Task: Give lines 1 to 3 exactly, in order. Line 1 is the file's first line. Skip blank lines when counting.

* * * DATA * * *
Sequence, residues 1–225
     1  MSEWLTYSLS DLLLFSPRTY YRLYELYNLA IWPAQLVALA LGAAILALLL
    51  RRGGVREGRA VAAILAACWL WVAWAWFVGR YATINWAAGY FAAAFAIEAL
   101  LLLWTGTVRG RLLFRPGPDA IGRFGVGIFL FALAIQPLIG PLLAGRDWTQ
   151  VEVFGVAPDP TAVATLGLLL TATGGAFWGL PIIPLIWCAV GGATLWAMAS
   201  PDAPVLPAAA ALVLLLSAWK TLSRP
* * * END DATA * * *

Sequence, residues 1–225
     1  MSEWLTYSLS DLLLFSPRTY YRLYELYNLA IWPAQLVALA LGAAILALLL
    51  RRGGVREGRA VAAILAACWL WVAWAWFVGR YATINWAAGY FAAAFAIEAL